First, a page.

News & Events
Historically a major market for U.S. feed grains, the EU in recent years has developed a web of non-tariff trade barriers that has greatly reduced U.S. market share. The current Transatlantic Trade and Investment Partnership (T-TIP) initiative offers a welcome opportunity to address some of these longstanding concerns.
The U.S. Grains Council participated this week in the "U.S.-EU High Level Regulatory Cooperation Forum" and will continue to be actively engaged in discussions to ensure that agricultural trade issues are constructively addressed in any T-TIP agreement.
By Floyd Gaibler, U.S. Grains Council Director of Trade Policy and Biotechnology
The office of the U.S. Trade Representative (USTR) has officially notified Congress of its intent to enter into negotiations with the European Union (EU) on the Transatlantic Trade and Investment Partnership. This is an opportunity to elevate ongoing discussions on a number of significant longstanding issues, among the most important of which is timely approval of genetically modified (GM) events in crops destined for export.
USGC Senior Regional Director Cary Sifferath gives his perspective on the MIR-612 approval in the European Union and the potential impact on U.S. coarse grains co-product shipments to the region. "Approval of the event has opened the trade [of U.S. corn gluten feed and distiller's dried grains with solubles]," said Sifferath. Within a few days of the approval, a Portuguese buyer who attended the Export Exchange conference in Minneapolis last week indicated purchases of corn gluten feed and soybean meal.
The U.S. Grains Council is pleased to learn of the official approval of the Syngenta corn variety MIR 162 Agrisure Vipterra in the European Union, opening the way for exports of U.S. corn co-products, including distiller's dried grains with solubles (DDGS) and corn gluten feed (CGF). The long-delayed decision came after years of industry leadership and efforts, especially those partners of the Council in the EU, including COCERAL, a grain trade association, FEFAC, a feed millers association, and the Irish Feed Millers Association.
By Cary B. Sifferath, USGC Regional Director in the Mediterranean and Africa
Dry conditions this winter and spring have reduced Spain’s domestic grains production, and Spanish feed millers report that that Spain may need to boost imports by at least 3 million metric tons above its typical level of around 10 million tons. This is an estimate for all grains including milling wheat, feed wheat, barley, sorghum, and corn. Spanish feeders expressed interest especially in U.S. new crop sorghum, having assessed that old crop supplies remain excessively tight.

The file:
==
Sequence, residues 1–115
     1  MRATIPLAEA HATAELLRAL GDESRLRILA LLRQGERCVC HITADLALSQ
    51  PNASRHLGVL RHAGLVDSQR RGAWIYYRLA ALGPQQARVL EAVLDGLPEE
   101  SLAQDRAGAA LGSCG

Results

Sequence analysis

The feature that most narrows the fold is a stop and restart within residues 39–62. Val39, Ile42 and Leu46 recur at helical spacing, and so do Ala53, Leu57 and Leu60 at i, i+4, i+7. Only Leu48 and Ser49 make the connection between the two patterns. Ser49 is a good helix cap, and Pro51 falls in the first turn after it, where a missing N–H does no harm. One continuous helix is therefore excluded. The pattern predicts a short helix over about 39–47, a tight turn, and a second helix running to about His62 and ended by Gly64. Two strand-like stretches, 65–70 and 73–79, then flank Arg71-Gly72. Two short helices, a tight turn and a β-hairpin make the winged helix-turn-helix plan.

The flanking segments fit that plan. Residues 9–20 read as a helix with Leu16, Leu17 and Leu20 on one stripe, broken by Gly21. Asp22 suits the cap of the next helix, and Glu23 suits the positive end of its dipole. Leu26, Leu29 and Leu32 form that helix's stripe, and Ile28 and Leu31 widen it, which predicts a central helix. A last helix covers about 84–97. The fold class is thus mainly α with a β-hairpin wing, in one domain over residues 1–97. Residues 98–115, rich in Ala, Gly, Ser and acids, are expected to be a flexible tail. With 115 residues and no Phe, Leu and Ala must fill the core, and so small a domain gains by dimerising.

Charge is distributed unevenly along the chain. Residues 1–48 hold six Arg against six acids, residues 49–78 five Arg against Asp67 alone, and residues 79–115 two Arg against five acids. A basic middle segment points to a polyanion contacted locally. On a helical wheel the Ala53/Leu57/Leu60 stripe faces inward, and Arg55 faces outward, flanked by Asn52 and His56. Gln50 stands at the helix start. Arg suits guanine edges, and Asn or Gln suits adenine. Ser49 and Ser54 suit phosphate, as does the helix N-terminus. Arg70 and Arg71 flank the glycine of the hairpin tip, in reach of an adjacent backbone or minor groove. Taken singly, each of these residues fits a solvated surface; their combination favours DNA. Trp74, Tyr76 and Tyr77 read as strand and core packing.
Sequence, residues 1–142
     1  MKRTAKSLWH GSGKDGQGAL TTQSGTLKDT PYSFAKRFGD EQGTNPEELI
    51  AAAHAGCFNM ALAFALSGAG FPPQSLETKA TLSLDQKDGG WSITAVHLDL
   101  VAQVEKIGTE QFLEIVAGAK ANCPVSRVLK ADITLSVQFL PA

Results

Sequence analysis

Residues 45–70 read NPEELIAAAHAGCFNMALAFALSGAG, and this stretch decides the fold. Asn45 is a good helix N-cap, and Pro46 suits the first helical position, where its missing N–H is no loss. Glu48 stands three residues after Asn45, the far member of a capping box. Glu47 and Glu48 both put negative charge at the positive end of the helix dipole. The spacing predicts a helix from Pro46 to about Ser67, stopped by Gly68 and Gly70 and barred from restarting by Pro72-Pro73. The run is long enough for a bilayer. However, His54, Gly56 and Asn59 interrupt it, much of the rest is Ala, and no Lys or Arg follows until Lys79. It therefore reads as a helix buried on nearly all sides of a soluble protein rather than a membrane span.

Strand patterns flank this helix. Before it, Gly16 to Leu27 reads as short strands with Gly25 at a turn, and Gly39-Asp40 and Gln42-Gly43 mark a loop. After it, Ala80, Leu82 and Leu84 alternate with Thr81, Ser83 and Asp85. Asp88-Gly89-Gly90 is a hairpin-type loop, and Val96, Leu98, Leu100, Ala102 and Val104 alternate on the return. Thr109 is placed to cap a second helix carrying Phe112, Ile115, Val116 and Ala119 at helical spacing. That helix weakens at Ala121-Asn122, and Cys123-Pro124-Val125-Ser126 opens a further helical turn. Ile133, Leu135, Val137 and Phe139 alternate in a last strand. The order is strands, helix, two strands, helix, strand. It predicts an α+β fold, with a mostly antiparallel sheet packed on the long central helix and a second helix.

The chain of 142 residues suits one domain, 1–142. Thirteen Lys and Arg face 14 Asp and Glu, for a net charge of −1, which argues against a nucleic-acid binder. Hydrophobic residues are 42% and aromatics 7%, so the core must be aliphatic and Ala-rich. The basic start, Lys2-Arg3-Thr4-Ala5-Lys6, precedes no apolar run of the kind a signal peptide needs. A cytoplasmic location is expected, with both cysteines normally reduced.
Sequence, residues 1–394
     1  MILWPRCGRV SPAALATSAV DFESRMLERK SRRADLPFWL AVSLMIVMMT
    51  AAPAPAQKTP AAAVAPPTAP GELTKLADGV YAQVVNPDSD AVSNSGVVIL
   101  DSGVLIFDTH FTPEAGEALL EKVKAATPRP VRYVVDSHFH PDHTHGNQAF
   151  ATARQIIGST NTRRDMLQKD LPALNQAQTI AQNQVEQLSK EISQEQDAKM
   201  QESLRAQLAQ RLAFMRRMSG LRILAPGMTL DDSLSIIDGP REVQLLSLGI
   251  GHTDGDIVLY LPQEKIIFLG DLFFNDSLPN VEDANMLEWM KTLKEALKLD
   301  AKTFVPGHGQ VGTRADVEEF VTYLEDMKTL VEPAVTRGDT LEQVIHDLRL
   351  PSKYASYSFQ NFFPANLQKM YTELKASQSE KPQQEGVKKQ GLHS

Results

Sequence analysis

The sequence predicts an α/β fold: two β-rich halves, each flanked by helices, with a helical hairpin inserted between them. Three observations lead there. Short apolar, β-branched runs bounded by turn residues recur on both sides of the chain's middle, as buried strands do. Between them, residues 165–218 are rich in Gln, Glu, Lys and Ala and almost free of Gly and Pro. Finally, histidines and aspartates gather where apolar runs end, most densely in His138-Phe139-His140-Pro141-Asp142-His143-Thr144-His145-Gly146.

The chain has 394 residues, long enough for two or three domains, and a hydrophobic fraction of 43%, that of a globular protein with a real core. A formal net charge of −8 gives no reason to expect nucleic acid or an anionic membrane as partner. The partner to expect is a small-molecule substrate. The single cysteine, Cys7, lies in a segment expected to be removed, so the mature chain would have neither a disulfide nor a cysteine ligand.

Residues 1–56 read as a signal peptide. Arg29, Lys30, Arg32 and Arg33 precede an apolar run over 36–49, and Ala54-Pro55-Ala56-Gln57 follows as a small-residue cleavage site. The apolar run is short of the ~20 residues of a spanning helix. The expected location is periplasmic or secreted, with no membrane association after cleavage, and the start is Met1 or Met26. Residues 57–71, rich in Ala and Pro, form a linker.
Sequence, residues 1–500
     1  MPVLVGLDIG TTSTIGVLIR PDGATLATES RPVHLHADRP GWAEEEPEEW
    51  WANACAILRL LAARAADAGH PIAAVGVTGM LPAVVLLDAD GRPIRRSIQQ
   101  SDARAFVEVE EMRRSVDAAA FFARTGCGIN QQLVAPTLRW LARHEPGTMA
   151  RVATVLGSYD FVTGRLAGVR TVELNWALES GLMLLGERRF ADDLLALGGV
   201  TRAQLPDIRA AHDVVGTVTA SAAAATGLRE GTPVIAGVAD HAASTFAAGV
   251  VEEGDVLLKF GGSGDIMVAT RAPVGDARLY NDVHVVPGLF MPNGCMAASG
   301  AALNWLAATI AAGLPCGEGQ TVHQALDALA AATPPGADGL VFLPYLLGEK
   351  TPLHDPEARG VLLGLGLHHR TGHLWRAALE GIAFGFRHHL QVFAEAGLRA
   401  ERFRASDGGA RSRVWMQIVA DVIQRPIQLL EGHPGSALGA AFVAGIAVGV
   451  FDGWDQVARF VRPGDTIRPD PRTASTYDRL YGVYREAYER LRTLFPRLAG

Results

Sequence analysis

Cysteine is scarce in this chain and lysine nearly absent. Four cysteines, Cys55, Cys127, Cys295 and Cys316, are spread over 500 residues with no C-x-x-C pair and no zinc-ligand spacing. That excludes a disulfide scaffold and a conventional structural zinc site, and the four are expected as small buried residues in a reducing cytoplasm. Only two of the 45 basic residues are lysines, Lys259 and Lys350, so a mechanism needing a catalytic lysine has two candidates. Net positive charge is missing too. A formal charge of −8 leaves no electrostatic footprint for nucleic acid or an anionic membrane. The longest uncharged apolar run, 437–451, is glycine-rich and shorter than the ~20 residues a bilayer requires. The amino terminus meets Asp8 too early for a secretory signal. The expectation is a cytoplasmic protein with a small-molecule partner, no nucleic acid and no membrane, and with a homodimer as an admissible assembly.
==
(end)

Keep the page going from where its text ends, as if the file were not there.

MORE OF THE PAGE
The U.S. Grains Council appointed Sigfrido Romeo as the new technical consultant focused on European Union policy issues. Romeo will represent the concerns and priorities of the Council with various EU policymakers and regulatory authorities on biotechnology, trade and issues relevant to the ongoing dialogue on sustainability of the U.S. food production system.
Ukraine exported just over 2 million metric tons of grain in December, of which about 1.6 million metric tons (63 million bushels) was corn, according to U.S. Grains Council sources. The leading corn importers were Egypt, 252,000 tons; Spain, 350,000 tons; and Iran, 160,000 tons. Egypt, Tunisia and Spain took most of Ukraine’s wheat shipments.
The U.S. Grains Council and the United Sorghum Checkoff Program have succeeded in a year-long effort to resolve an obsolete provision in European Union (EU) tariff regulations that has hindered U.S. sorghum sales to Europe.
“The Council has been very active and really pushed the envelope to make this happen,” said Florentino Lopez, executive director of the United Sorghum Checkoff Program. “We are very happy about what has been accomplished and the strong stand the Council has taken to move things forward.”
The USDA published a blog entry on the U.S. Grains Council’s “reverse mission” to Spain and Portugal in March, which capitalized on progress made in January when an Iberian buyers team visited Kansas and Texas to explore U.S. sorghum production. The visit, organized in partnership with the United Sorghum Checkoff Program, exposed representatives of 12 large grain-using entities, including swine, poultry and beef producers, to the advantages of using U.S. sorghum.
With intense competition in barley malt and malting barley sales coming from European and Canadian exporters, the United States faces several barriers to exporting barley to Central American and Caribbean breweries who rely heavily on imported product.
Likewise, independent breweries in the region have started looking for ways to better manage their price risk when purchasing malt as global supplies continue to tighten.